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Surrey petition wants refugee loan ban

Reporter Stefania Seccia

By Stefania Seccia, 24 hours

Surrey wants to put pressure on MPs running in the upcoming federal election to not force government-assisted refugees to pay back the refugee transportation loan.
(Fotolia)

Surrey wants to put pressure on MPs running in the upcoming federal election to not force government-assisted refugees to pay back the refugee transportation loan. (Fotolia)

Canada is one of the only countries to not only charge refugees the cost of transportation to the country, but interest on the loan as well, and one Surrey councillor intends to make it an issue in the upcoming federal election.

Coun. Judy Villeneuve said it’s a goal for her to have the refugee transportation loan removed so the “poorest of the poor” aren’t force to repay it.

“In reality it can be up to $15,000 for families that do arrive here, people with no assets,” she said. “Some spent 18 years in war camps, and are coming here with really very few assets from a material perspective, and have never lived in an urban environment.”

Villeneuve said Surrey has previously called for the removal of the refugee transportation loan program, but nothing came of it.

“We determined that to forgive those loans, it would be at the most $38 million across Canada,” she said.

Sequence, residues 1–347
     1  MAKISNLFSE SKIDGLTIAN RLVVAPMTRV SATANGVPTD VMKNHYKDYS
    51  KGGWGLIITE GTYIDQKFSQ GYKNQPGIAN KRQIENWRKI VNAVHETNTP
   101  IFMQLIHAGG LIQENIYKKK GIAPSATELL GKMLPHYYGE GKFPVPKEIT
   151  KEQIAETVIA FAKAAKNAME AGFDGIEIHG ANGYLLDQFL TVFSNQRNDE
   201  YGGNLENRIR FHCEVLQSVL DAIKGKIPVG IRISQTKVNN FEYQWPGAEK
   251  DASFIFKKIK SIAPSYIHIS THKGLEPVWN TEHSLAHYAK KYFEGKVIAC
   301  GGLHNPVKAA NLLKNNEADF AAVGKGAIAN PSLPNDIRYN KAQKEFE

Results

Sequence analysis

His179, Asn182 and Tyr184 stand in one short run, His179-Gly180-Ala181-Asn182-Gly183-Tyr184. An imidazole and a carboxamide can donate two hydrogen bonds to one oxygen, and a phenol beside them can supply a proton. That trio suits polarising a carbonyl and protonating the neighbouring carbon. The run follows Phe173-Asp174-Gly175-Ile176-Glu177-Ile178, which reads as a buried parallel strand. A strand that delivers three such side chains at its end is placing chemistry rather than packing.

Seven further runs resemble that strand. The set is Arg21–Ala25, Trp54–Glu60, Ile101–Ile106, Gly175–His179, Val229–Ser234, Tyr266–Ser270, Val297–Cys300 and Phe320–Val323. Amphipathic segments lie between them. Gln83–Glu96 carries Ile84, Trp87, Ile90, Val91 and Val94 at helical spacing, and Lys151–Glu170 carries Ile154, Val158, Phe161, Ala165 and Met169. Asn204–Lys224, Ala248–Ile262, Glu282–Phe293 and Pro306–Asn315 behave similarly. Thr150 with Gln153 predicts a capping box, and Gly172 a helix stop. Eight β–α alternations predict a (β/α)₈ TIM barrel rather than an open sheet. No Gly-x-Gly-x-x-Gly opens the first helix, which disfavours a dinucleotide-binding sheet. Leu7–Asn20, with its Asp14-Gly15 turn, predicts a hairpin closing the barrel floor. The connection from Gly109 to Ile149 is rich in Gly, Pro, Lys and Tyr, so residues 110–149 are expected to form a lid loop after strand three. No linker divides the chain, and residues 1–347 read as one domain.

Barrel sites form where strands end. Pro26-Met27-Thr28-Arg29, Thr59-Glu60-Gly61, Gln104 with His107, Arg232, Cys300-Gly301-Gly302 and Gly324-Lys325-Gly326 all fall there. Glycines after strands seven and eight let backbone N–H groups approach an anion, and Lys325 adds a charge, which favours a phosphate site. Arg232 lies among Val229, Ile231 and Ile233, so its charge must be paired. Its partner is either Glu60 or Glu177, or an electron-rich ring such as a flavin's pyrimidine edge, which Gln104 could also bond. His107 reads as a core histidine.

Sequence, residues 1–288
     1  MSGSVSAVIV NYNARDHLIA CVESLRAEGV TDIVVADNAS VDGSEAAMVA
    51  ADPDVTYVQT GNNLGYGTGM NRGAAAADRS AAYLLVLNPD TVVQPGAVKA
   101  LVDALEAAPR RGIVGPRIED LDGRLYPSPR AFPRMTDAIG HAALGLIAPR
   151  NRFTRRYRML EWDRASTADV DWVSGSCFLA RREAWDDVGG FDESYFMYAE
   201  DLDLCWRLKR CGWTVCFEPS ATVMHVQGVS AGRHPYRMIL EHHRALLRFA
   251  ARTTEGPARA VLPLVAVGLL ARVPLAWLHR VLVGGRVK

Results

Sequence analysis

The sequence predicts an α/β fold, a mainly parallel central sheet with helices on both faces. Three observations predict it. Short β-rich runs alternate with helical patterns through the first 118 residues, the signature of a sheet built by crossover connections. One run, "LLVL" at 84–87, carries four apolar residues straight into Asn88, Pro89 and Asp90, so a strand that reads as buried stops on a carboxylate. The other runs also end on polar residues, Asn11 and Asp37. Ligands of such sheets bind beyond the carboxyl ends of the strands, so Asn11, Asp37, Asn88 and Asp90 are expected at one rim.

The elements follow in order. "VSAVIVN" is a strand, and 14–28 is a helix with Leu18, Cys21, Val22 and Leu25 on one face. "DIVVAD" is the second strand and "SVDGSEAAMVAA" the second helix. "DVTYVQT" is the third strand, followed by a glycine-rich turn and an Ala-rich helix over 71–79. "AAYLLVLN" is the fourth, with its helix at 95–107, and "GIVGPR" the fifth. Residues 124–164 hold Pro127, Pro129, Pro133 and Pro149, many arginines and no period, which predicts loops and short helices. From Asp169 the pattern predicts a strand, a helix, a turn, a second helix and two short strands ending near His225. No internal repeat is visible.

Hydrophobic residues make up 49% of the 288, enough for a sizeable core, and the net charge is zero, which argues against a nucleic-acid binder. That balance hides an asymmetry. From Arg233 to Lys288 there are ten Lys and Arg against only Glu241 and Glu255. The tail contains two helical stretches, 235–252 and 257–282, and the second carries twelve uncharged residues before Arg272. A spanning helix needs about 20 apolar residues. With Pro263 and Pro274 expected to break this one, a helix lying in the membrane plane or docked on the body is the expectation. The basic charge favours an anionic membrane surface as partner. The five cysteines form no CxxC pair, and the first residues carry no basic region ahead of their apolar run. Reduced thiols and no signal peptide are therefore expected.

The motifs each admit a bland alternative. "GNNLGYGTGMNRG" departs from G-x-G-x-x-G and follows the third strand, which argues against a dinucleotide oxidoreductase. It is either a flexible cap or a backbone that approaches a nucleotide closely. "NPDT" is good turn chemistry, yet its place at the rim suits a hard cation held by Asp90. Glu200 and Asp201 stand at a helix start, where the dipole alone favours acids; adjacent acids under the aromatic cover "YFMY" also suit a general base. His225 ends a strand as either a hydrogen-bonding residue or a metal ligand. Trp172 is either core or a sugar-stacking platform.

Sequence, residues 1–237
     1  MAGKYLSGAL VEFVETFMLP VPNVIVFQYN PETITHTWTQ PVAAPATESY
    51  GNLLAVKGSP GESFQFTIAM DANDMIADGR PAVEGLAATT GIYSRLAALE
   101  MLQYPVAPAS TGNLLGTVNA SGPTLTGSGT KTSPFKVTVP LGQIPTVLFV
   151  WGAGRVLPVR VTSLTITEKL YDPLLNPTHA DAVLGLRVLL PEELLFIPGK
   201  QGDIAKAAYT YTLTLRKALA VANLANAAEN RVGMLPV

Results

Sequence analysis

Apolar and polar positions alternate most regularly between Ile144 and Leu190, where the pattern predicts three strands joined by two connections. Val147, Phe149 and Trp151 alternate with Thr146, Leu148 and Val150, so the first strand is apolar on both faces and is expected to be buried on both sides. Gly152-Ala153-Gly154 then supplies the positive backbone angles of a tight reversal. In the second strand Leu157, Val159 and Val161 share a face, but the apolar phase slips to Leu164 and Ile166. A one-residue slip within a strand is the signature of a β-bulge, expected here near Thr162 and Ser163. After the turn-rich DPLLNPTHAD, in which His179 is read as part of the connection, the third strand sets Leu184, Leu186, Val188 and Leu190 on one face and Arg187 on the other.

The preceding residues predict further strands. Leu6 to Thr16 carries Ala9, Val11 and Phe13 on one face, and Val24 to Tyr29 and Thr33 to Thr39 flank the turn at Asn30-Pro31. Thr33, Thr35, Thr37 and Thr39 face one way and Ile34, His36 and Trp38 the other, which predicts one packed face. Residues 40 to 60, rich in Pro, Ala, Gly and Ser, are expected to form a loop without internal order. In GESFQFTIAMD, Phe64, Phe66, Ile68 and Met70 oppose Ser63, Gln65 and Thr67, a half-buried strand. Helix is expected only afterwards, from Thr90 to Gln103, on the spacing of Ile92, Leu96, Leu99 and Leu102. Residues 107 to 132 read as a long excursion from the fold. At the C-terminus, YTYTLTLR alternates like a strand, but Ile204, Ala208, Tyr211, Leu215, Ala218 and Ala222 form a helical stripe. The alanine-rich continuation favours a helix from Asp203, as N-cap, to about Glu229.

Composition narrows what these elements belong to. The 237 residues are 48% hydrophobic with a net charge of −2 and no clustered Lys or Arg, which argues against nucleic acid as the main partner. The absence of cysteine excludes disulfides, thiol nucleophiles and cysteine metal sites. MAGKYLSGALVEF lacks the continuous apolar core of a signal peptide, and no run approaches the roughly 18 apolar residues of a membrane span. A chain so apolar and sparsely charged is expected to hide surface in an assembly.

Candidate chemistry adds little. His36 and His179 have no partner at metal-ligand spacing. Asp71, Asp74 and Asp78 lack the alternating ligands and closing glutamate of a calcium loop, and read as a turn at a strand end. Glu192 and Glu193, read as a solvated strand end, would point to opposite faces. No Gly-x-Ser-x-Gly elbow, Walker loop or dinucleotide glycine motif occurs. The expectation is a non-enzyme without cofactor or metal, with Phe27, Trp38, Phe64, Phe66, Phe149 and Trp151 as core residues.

Surrey started a petition to remove the program with the goal to collect 1,000 signatures, and it’s so far garnered 800.

The plan is to send letters to all candidates in the federal election and put public pressure on them to promise the program’s removal once in office.

Sherman Chan, director of family and settlement services at MOSAIC, said about 91% of refugees pay back the loans.

“When people repay, it doesn’t mean they have the money,” he said. “Really, to pay for it ... people have to borrow money to pay it back because they don’t want to be seen by the government that they owe the government money.”

Chan said he’s glad Surrey is taking this issue on as the government should consider “the burden that’s put on government-assisted refugees.”

“We have seen people, they are living in poverty but make sure they have money to pay back the government,” he said. “That means their life is compromised because of that.”

Mario Ayala, refugee services director with Inland Refugee Society of BC, said to pay back the loan within the first year is a tremendous feat for new refugees.

“It’s very hard to get a job here, especially when you don’t have the knowledge of the language,” he said. “The protection has to be total, not just partial.”

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